A day in the life of an embalmer
“As soon as I got the job, I knew this was it for me!”
Lorna Brierley-Davies tells us what life is like being an embalmer, why she won an award for her work, and how music can be a great distraction from the serious nature of the job at hand.
Lorna Brierley-Davies, 32, Embalmer, Dignity Service Centre, West London
Why did you become an embalmer?
I have been an embalmer for going on six years now and I only got into it by chance. At the time, I was a mortuary assistant at Ealing hospital. Upon signing a deceased out of my care to two Dignity employees, one asked if I had ever thought about embalming.
I asked for their manager's details and sent my CV, supporting letter, two written references and a letter explaining who I was and to be considered for a position if one became available. As soon as I got the job, I knew this was it for me! I love that it is my own skill and interpretations that give a family a positive experience, at an extremely sad time in their lives.
Why did you win an award for your work?
When a person completes the embalming course, the highest grades get put forward to the Trustees of embalmers around the world. I received a mark of 100% and the examiner stated, “In the 25 years I've been doing this job, I’ve never given anyone 100%.”
I was chuffed to bits! I got an International award and a cheque from the Trustees. I was so grateful.
What does your typical day at work look like?
Firstly, I collect all my case reports. Then, I print out 3-4 days of transfer sheets which help prioritise my work load. I perform a fridge check, to see which of the deceased are in our care. I then undergo the embalming procedures; I wash, shave, apply make up, clean and prepare bodies. At the end of each day, I clean the embalming suite and my instruments.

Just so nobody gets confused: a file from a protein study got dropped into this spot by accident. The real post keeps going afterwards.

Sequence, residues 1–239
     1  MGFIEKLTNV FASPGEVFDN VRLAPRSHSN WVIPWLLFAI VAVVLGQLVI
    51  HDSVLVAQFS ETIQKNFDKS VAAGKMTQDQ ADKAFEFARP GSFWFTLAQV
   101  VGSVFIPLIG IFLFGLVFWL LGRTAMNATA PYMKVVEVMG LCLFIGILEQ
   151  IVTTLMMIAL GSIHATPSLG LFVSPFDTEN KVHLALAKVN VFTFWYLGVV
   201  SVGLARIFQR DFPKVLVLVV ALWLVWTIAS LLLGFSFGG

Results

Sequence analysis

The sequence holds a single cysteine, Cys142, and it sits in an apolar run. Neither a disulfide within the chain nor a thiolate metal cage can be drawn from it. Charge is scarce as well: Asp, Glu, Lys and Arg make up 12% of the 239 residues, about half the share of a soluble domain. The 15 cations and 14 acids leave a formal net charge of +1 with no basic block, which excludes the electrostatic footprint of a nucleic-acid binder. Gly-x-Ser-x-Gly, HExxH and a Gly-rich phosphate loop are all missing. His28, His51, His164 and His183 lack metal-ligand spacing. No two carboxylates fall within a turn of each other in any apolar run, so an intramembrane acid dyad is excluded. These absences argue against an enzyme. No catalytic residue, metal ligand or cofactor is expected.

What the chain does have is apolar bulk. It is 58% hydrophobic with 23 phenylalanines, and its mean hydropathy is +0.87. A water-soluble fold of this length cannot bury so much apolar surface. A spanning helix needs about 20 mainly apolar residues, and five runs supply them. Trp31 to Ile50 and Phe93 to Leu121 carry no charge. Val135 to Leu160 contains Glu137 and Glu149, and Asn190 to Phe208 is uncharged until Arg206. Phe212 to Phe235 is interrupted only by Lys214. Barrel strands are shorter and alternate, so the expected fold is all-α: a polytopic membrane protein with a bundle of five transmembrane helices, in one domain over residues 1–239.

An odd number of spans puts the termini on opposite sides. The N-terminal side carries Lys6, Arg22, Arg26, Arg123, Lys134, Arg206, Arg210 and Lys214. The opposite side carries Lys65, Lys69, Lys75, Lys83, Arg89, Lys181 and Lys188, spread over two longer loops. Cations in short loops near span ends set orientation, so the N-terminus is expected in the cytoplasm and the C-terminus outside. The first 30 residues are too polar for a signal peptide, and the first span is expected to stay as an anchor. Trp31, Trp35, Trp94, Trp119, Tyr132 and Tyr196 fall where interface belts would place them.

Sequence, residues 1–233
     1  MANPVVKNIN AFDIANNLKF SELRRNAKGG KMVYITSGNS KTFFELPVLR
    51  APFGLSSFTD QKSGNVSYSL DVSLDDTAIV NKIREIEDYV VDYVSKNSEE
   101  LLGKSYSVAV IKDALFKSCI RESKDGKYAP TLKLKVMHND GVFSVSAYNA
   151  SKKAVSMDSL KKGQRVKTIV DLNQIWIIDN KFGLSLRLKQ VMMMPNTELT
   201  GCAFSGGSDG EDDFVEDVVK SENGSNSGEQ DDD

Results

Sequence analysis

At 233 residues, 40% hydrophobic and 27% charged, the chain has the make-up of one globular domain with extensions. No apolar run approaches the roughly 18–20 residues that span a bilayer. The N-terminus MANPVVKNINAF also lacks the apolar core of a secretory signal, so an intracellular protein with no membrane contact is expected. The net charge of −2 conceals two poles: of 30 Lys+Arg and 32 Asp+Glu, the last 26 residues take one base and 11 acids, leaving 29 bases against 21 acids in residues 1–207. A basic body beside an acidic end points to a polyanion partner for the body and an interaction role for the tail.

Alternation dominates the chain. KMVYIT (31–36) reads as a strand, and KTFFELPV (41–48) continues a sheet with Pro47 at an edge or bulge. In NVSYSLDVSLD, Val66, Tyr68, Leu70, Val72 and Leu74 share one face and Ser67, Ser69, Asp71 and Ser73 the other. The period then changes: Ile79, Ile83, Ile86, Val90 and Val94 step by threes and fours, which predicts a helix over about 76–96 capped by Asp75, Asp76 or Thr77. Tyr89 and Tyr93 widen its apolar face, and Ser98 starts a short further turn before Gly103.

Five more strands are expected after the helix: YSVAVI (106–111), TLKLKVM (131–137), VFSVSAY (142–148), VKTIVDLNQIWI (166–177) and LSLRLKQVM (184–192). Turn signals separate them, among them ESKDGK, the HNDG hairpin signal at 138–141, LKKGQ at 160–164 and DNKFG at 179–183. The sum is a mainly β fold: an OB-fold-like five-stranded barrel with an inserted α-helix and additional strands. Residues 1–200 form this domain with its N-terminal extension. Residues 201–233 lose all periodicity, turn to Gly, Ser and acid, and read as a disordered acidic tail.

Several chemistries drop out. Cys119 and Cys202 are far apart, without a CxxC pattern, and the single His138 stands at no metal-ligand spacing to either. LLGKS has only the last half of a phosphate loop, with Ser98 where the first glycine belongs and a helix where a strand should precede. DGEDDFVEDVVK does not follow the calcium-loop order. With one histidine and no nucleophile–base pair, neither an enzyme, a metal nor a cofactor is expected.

Are there any questions that families ask you?
Though I am not client facing, I do still get a few requests. I have been asked to make a loved one’s hair or make up similar to a photo and have also been asked to provide locks of hair for the family to keep.
There was an instance when I was asked to take fingerprints and create a three dimensional hand model of the deceased. I’ve also been asked to take DNA samples, for later testing.
Are there any misconceptions or myths about embalming?
I have been asked whether the deceased twitch or sit up due to muscle spasm, though I've found neither of these to be true.
I’ve also found that a lot of people are unaware that you don't need any type of medical background or a degree to be an embalmer. If there is enough drive and interest, anyone can do the job.
How do you distract yourself during the embalming process?
I have a radio on low in the background. It keeps my mind distracted from the serious nature of the job at hand.
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